PS. You can read my review here

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This book is a love story between two young Muslims who stay within the boundaries of Islamic etiquette and rulings on interacting with the opposite sex and this isn’t something we ever get to see in books. I have wanted to see this type of love story for so long.

“Maybe that’s what living is – recognising the Marvels and Oddities around you.”

I hope we get to see more of this because it is the story of me and my husband and yet there were people who made us feel like we betrayed our religious beliefs by choosing to marry each other. I was made to feel guilty and doubt my faith in Allah because how could I be a good Muslim and still have chosen to marry my husband myself. And on the other side I had people completely unable to understand how I could possibly marry someone I hadn’t dated or had an intimate relationship with him before marriage. Basically there was no right thing to do.

But if I had been able to read this book back then, I know it would have helped me. I would know that I have done nothing wrong and that would have helped me a lot. So I am so happy to see this book published because I am sure there are more stories like mine.

Zayneb is also one of my absolute favourite characters ever, I see myself in her in so many ways. Her anger at the Islamophobia she faces especially from those in a position of power and how she can’t do anything about it. Yet she remains unapologetically Muslim. She practices her faith openly and doesn’t care that people know she is Muslim. I wish I had her confidence when I was a teen. I wish I had been able to see characters that looked like me and shared the same beliefs as me as a teen and I am so glad that young people today will get to see themselves in books in ways I never could.

“I didn’t have to open my mouth or do anything for people to judge me. I just had to be born into a Muslim family and grow up to want to become a visible member of my community by wrapping a cloth on my head.”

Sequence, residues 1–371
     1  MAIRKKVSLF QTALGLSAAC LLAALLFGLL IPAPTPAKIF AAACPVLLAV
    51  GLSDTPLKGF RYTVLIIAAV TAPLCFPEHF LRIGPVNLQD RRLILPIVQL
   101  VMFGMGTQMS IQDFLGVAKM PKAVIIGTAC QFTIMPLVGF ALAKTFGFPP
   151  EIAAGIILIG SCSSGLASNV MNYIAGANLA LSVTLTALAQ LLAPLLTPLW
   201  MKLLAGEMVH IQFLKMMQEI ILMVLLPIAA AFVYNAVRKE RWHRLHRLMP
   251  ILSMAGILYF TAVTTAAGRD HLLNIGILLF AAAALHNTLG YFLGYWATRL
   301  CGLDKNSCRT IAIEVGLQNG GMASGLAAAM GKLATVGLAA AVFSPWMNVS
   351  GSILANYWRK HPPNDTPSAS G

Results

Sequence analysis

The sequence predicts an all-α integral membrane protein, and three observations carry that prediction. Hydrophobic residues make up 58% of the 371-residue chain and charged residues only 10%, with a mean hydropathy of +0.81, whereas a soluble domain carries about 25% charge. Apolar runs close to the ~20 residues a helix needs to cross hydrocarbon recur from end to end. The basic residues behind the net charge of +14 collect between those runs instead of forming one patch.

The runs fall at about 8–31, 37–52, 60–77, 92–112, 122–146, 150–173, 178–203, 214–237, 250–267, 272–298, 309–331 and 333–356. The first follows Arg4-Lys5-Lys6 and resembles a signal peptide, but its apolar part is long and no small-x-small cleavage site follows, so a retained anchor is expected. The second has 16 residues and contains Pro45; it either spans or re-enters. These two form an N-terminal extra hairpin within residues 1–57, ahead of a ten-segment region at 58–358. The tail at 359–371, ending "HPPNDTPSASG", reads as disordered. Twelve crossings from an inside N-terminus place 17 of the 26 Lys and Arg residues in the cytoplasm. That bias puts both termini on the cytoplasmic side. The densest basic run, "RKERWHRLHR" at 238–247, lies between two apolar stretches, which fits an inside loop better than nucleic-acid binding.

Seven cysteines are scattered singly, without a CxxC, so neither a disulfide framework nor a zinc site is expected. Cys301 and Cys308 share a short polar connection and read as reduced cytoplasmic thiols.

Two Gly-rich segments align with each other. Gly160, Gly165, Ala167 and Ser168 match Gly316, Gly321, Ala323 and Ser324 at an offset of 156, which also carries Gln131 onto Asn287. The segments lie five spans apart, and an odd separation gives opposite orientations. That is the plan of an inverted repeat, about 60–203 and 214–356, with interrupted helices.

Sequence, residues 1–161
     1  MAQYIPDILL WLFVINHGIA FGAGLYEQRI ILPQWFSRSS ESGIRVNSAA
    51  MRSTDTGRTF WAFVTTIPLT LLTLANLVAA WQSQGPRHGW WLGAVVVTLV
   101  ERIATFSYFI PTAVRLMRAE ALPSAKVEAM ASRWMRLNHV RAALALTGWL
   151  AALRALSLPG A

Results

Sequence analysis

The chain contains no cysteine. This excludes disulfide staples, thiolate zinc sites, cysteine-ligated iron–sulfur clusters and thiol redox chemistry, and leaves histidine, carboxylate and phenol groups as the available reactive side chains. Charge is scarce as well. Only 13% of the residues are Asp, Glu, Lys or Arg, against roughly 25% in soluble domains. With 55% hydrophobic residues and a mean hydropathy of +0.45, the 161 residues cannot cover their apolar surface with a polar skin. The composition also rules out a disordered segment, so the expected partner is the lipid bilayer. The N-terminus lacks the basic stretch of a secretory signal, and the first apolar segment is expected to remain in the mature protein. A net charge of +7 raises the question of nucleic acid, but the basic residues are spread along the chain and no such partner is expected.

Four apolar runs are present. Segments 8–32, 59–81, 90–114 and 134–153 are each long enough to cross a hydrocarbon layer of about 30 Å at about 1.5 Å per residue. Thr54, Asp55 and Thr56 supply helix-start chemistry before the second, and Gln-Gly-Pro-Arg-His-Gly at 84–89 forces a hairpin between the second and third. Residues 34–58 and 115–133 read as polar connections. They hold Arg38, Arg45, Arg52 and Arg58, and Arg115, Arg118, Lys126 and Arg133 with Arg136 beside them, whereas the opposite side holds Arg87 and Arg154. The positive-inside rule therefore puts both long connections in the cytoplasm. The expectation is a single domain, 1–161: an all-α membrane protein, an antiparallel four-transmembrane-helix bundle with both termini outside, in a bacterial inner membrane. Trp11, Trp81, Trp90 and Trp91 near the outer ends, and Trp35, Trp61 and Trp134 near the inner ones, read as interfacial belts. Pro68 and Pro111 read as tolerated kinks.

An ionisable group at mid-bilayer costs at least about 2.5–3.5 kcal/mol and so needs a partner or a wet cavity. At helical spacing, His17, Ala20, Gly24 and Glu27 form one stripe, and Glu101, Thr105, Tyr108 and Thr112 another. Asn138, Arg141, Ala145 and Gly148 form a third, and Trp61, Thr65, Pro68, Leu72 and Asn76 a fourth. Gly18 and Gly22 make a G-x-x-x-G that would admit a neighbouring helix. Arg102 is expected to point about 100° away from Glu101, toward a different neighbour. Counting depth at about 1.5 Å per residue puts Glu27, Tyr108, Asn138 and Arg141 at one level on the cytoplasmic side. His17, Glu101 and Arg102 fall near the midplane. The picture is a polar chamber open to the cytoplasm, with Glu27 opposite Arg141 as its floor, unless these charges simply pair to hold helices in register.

Zayneb just wants to be able to practice her faith freely and also be able to be your average teenage girl and go swimming and hang out with her friends. Yet she finds barriers to even doing something as simple as swimming because some people find it unacceptable for her to be fully covered while in the pool despite adhering to the policies there. She can obviously choose what to wear but only as long as it is acceptable to those people.

And then we have Adam who I love so much because I related to him so much, because he found out about his diagnosis of multiple sclerosis during college and I also was finally diagnosed with my chronic health issues just as I graduated university. He struggles at first with adjusting to his new reality and how his life will be so different now and what he may or may not be able to do now and I related so much with all of this. I felt all of this and still do at times.

I absolutely loved seeing such a well rounded character with such great and realistic disability and chronic illness rep. I understood why he felt he should leave college, I understood his misgivings about telling Zayneb how he felt about her because it would not be a “typical” marriage as they would both be affected by his chronic illness. I went through all of this, I still feel a lot of these and struggle with it. I also loved how his faith impacted the way he dealt with his chronic illness. The way that Sajdah captures all of this and more while still making this a love story is exceptional.

“Hope – she was giving me hope. She was trying to light the way forward with hope. Amazing. To think I’d not been alone.”

Their story is a love story but not like the usual love stories we read in books but it doesn’t make it any less of a love story. The way they interact with each other and how they spend time and speak to each other, they develop feelings for each other but they both also keep in mind their faith and it filled my heart with such joy. I remember going through this exact thing myself and even when others told me to date because how can I marry someone I hadn’t dated or been intimate with I knew I could never compromise on my religious beliefs and it kept me going. I remember feeling all the emotions and just like Zayneb I remember seeing my now husband and first thinking, he’s cute and that he’s tall (my husband is 6 ft 3″). And my husband told me the first thing he noticed about me was my hijab as I was the only one in our university class who wore one.

This book captures so many important parts of my life and I could relate so much to the characters in so many ways from them slowly developing feelings for each other yet also practicing their faith and also dealing with their own issues while navigating their feelings. I absolutely fell in love with this book and Adam and Zayneb. And also, while I saw myself in Zayneb, I also saw my husband in Adam (minus the chronic illness) and it felt like this book was written for me.